The shelf can include a doublewide bottom section for increased holding capacity and can include a shelf extension. An optional lined shelf assembly is also disclosed that cannot be assembled to its desired height prior to installment into the cabinet. Instead, optional shelf assembly is installed in the cabinet in order to be adjusted to the proper circuit board height.
As shown in
The present invention also preferably includes shelf extensions 26 a and 26 b, which increases the height of the shelf assembly to accommodate circuit boards from about 11 inches to about 21 inches. Shelf extension 26 a is connected between side extensions 23 a and 24 a, whereas shelf extension 26 b is connected between side extensions 23 b and 24 b. Shelf extensions 26 a and 26 b are connected to the side extensions using a screw mechanism, preferably a screw and pem nut combination; however, any reasonable connection means could be used. Shelf extensions 26 a and 26 b are made of metal, preferably stainless steel.
As shown in
In a preferred embodiment of the present invention, shelf assembly 20 includes a double-wide bottom shelf section 25 used in conjunction with two independent top shelf sections 21. Double-wide bottom section 25 is shown in
Alternatively, anti-static shelf assembly 20 is comprised of an all-plastic shelf 40 as shown in
Anti-static shelf assembly 20 is structured for installation into a grounding system 10 of a storage cabinet 1, as shown in
The grounding system 10 is oriented inside housing 2 such that front grounding post 11 a extends from base 3 to top panel 6 in the front middle portion of cabinet 1. Shelf supports 12 shown in
Grounding strips 14 connect the posts and shelf supports to each other, preferably by extending along the perimeter of the base of the cabinet. Grounding studs 15 are attached to the grounding system, thereby connecting the grounding system to the ground of the building in which the cabinet is located.
The stainless steel grounding system 10 is housed in a storage cabinet, but is not dependent on the storage cabinet housing for grounding. The cabinet can be made of any material desired, metal, wood, plastic, rubber, and still the shelves installed in the cabinet would be grounded by the independent grounding system. In theory, the grounding system and shelves can be used alone without a cabinet. With the shelves as disclosed above being made of metal, each addition of a shelf adds to the conductivity of the grounding system as each shelf is added. Every metal shelf added leads to more conductive pathways for the grounding system. Particularly, as each shelf is added to the shelf supports, four new points of contact and a new electrical pathway is added to the grounding system.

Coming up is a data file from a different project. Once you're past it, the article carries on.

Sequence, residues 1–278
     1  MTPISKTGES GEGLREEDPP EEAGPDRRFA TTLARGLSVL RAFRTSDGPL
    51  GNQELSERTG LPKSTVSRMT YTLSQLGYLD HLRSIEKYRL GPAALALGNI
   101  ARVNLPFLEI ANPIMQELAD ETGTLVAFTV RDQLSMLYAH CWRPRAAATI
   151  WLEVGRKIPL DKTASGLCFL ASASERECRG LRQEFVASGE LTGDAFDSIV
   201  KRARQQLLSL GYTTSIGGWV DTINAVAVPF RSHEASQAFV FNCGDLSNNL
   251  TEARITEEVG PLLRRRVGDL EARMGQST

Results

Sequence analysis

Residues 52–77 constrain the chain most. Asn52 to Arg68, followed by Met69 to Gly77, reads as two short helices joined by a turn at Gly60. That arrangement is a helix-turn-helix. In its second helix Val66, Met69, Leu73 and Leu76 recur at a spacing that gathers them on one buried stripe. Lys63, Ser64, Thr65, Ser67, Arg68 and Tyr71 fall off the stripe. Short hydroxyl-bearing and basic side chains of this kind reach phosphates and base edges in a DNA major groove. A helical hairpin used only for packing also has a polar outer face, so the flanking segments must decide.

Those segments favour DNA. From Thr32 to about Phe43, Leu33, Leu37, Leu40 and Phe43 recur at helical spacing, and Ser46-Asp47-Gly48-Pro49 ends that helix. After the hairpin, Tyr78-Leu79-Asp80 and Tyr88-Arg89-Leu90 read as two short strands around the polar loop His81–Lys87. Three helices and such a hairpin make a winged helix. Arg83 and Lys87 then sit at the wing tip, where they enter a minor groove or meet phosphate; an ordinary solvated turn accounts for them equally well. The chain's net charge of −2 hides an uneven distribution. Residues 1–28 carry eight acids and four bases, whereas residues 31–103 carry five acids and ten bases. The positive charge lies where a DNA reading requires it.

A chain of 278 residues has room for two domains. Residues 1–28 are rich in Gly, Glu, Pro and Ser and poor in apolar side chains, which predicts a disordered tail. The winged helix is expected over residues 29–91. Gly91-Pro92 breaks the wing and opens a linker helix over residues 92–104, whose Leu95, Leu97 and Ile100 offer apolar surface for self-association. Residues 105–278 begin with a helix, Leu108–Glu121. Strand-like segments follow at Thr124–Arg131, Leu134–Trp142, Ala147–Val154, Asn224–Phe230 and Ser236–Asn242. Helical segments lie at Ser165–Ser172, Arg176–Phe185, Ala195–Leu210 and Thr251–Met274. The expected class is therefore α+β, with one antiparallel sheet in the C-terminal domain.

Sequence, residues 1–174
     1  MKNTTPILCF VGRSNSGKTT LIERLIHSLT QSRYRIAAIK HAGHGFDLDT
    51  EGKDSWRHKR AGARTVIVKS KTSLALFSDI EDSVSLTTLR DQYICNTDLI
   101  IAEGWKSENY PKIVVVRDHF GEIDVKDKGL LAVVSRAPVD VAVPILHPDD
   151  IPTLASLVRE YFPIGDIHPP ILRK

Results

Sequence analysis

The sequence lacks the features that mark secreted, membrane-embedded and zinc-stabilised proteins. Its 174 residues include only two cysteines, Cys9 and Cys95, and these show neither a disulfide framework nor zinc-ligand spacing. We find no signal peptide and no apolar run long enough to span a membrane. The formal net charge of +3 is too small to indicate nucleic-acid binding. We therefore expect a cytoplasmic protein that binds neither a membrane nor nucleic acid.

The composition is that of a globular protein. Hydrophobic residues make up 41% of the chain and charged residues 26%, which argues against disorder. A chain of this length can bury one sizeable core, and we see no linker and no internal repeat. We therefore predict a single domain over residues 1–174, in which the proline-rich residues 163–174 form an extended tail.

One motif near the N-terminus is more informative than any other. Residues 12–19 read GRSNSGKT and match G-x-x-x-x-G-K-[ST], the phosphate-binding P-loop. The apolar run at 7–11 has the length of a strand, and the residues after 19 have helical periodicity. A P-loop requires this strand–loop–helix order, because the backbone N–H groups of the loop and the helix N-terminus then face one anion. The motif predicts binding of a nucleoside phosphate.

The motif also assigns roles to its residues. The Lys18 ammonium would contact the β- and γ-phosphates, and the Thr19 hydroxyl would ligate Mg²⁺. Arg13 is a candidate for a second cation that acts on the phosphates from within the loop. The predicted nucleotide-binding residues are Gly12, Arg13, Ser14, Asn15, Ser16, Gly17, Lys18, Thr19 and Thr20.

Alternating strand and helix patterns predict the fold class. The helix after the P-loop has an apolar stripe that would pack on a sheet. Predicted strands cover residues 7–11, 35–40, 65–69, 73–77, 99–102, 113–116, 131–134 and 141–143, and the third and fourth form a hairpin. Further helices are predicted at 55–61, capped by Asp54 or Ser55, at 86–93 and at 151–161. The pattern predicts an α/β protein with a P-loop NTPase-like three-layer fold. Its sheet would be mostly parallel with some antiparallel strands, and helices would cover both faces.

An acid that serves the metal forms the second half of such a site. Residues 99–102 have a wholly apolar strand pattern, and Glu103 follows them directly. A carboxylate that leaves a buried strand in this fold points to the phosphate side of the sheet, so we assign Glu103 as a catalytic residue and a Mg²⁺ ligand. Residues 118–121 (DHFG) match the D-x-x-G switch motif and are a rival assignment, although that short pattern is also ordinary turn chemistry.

Since the grounding system is independent from the cabinet, the cabinet does not have to be assembled with the grounding system. This allows the cabinet to be built in pieces: base, sides, top, back, and doors. Each piece of the cabinet can be painted separately after its assembly without interfering with the grounding system. The grounding system is then attached to the cabinet housing using rivets and grounding strips.
In a preferred embodiment, an optional shelf assembly 27, as shown in
In another preferred embodiment, cabinet 1 also includes a second optional shelf 29 connected to shelf supports 12 for storing circuit boards in original packaging or other desired items. Second optional shelf 29 is preferably about 24 inches wide. This second optional shelf 29 is illustrated in
The shelves and cabinet disclosed above can be assembled with any combination of standard shelf assemblies, optional shelf assemblies, or drawers as desired by the user and permitted within the confines of the housing.
|Cited Patent||Filing date||Publication date||Applicant||Title|
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|US4563722||Aug 28, 1984||Jan 7, 1986||Plug-In Storage Systems, Inc.||Antistatic shelf for electronic circuit boards|
|US4699270 *||Sep 9, 1985||Oct 13, 1987||The Union Corporation||Modular packaging system|
|US5008779 *||Jun 21, 1990||Apr 16, 1991||Newton Instrument Company||Shelf assembly having infinitely vertically adjustable top surface|
|Citing Patent||Filing date||Publication date||Applicant||Title|
|US20050280228 *||May 23, 2005||Dec 22, 2005||Fernandes Eric X||Industrial cart|
|Aug 5, 2010||FPAY||Fee payment|
Year of fee payment: 4
|Sep 18, 2014||FPAY||Fee payment|
Year of fee payment: 8